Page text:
Philippians 1:1-26 (NIV)
Paul and Timothy, servants of Christ Jesus,
To all God’s holy people in Christ Jesus at Philippi, together with the overseers and deacons[a]:
2 Grace and peace to you from God our Father and the Lord Jesus Christ.
Thanksgiving and Prayer
3 I thank my God every time I remember you. 4 In all my prayers for all of you, I always pray with joy 5 because of your partnership in the gospel from the first day until now, 6 being confident of this, that he who began a good work in you will carry it on to completion until the day of Christ Jesus.
7 It is right for me to feel this way about all of you, since I have you in my heart and, whether I am in chains or defending and confirming the gospel, all of you share in God’s grace with me. 8 God can testify how I long for all of you with the affection of Christ Jesus.
9 And this is my prayer: that your love may abound more and more in knowledge and depth of insight, 10 so that you may be able to discern what is best and may be pure and blameless for the day of Christ, 11 filled with the fruit of righteousness that comes through Jesus Christ—to the glory and praise of God.
Paul’s Chains Advance the Gospel
12 Now I want you to know, brothers and sisters,[b] that what has happened to me has actually served to advance the gospel. 13 As a result, it has become clear throughout the whole palace guard[c] and to everyone else that I am in chains for Christ. 14 And because of my chains, most of the brothers and sisters have become confident in the Lord and dare all the more to proclaim the gospel without fear.
15 It is true that some preach Christ out of envy and rivalry, but others out of goodwill.16 The latter do so out of love, knowing that I am put here for the defense of the gospel.17 The former preach Christ out of selfish ambition, not sincerely, supposing that they can stir up trouble for me while I am in chains. 18 But what does it matter? The important thing is that in every way, whether from false motives or true, Christ is preached. And because of this I rejoice.
Yes, and I will continue to rejoice, 19 for I know that through your prayers and God’s provision of the Spirit of Jesus Christ what has happened to me will turn out for my deliverance.[d] 20 I eagerly expect and hope that I will in no way be ashamed, but will have sufficient courage so that now as always Christ will be exalted in my body, whether by life or by death. 21 For to me, to live is Christ and to die is gain. 22 If I am to go on living in the body, this will mean fruitful labor for me. Yet what shall I choose? I do not know! 23 I am torn between the two: I desire to depart and be with Christ, which is better by far; 24 but it is more necessary for you that I remain in the body. 25 Convinced of this, I know that I will remain, and I will continue with all of you for your progress and joy in the faith, 26 so that through my being with you again your boasting in Christ Jesus will abound on account of me.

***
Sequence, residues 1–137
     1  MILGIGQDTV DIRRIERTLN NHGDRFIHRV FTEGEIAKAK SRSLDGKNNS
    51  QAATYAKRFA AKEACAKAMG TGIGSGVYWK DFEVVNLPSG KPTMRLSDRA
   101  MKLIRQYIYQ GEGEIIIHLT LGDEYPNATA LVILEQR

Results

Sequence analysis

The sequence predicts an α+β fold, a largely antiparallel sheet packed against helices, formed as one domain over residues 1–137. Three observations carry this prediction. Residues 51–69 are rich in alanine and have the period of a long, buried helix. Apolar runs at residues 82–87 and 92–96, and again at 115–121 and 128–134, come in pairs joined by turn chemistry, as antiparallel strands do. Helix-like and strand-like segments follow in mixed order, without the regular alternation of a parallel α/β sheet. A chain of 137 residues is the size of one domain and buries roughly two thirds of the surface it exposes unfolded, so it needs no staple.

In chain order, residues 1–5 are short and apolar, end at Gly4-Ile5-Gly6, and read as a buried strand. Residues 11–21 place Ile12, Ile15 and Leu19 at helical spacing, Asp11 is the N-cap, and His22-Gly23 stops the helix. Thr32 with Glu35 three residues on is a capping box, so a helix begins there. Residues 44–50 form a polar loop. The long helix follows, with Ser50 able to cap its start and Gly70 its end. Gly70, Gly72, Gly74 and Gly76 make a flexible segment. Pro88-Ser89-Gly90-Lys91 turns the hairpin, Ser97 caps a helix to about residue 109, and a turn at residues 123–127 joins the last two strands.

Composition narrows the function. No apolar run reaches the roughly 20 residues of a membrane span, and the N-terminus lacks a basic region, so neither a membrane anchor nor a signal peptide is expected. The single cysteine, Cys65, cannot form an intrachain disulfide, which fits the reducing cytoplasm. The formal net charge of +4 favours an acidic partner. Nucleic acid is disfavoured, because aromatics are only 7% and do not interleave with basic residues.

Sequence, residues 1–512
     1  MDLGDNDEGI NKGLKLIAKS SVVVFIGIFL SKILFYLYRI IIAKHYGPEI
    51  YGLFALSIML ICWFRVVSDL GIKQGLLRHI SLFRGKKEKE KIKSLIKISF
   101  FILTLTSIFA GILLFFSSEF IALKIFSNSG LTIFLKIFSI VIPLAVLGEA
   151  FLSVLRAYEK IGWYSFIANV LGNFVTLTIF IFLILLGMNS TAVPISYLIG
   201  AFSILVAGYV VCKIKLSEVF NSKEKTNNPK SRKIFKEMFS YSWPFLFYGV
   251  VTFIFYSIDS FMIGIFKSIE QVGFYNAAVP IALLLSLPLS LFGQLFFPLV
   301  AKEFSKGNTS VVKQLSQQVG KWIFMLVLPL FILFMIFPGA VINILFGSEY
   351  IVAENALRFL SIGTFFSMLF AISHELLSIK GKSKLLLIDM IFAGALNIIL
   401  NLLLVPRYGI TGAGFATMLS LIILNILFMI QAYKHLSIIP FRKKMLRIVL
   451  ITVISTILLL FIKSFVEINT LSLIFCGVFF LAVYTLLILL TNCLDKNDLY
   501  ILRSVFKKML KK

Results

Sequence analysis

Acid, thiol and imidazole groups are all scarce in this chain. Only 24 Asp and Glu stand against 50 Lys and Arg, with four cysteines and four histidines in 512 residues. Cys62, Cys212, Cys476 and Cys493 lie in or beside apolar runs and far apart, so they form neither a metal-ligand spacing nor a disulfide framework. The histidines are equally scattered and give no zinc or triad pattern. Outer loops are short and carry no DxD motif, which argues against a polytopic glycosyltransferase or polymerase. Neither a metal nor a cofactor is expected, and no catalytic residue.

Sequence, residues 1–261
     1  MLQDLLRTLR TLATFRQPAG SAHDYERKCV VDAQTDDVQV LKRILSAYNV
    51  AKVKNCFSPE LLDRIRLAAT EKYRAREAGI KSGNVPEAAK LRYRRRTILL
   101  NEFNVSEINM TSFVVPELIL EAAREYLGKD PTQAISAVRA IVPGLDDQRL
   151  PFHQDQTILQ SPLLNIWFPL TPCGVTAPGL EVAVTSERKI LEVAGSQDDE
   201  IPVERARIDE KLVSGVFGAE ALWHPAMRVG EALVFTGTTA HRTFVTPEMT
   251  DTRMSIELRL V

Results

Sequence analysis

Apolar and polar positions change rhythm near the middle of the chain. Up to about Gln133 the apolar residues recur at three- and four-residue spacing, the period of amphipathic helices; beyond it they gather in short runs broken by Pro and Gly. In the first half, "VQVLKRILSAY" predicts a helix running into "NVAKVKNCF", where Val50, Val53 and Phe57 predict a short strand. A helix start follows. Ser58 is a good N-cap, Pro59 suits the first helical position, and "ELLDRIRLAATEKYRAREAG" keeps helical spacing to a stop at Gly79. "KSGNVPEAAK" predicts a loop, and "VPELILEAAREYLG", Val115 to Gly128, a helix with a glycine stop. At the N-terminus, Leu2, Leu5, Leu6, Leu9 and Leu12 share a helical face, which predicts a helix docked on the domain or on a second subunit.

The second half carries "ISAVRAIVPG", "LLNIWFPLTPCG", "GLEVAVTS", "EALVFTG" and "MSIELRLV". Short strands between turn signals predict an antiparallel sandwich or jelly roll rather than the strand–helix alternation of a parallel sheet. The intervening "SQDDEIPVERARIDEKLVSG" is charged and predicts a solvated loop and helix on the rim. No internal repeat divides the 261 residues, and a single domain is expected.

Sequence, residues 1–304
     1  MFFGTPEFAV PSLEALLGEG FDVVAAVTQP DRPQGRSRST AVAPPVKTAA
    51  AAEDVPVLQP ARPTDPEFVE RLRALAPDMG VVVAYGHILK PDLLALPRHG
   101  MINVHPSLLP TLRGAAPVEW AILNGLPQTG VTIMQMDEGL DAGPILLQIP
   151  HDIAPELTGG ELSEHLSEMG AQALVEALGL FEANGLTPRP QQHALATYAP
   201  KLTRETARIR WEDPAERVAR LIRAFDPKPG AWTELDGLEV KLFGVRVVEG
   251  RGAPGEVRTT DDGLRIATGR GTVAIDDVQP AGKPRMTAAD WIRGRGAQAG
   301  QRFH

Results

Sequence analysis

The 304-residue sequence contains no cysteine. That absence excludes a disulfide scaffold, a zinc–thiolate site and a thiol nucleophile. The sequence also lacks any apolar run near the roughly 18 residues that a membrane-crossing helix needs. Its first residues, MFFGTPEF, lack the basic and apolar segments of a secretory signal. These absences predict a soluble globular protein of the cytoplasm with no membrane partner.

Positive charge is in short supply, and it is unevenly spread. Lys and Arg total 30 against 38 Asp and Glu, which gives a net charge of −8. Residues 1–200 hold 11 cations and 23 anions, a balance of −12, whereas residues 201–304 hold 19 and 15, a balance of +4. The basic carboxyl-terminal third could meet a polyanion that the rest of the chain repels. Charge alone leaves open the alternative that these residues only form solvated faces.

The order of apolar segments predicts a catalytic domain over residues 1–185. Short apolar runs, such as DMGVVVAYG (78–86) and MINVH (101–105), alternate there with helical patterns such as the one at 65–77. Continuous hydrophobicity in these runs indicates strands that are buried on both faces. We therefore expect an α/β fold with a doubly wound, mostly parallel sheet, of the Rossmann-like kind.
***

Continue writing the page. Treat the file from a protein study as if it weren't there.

New International Version (NIV)
Life Worthy of the Gospel
27 Whatever happens, conduct yourselves in a manner worthy of the gospel of Christ. Then, whether I come and see you or only hear about you in my absence, I will know that you stand firm in the one Spirit,[a] striving together as one for the faith of the gospel 28 without being frightened in any way by those who oppose you. This is a sign to them that they will be destroyed, but that you will be saved—and that by God. 29 For it has been granted to youon behalf of Christ not only to believe in him, but also to suffer for him, 30 since you are going through the same struggle you saw I had, and now hear that I still have.
Philippians is a short of four chapters. This Church was established about 10 years earlier during Paul’s second missionary journey and had been supportive of his work. (Acts 16:1-40) The city of Philippi, is located in north eastern Greece (Macedonia).
The city was already ancient by the time Paul arrived there around 49 CE (Acts 16:11-40). In fact, its beginnings go back to the fourth century BCE when it was occupied by the Thracians. In 356 BCE, however, Philip II of Macedon, the father of Alexander the Great, took over the city and named it after himself. He eventually established it as a military stronghold in order to protect the lands he had already acquired and the nearby gold mines which yielded him yearly a thousand talents. It was also important as a land route across Asia.
In 168 BC Philippi became part of the Roman empire when the latter defeated the Persians at the battle of Pydna and Macedonia was divided into four districts, Philippi belonging to the first.
Paul’s immediate reason to write to the Church at Philippi was to thank them for the gift they had sent him.
• Stand united in Christ Phil. 1:27-2:2
• Imitate Christ Phil. 2:3-11
• Be examples of Peace Phil. 2:14-18
• Resolves differences in love Phil. 4:2-3
• Rejoice in the Lord always Phil. 4:4-7
He reminds them to imitate Christ and serve others. Instead of focusing on ourselves, we should focus on Christ then we will learn unity, joy, harmony, peace.
This letter stands out as one of the most personal that Paul wrote. It is joyful in nature and doesn’t harshly rebuke the congregation. Paul shows his immense gratitude to the church by thanking them for their generous gifts. Our secret to joy is to follow and live Jesus’ example and to serve others around us.
In writing his letter from a place of exceptional suffering, Paul actually reflects that cultural background… with one crucial difference: he offers joy from that place. (Reference From: http://www.biblegateway.com/blog/2012/08/letters-to-the-church-philippians/ )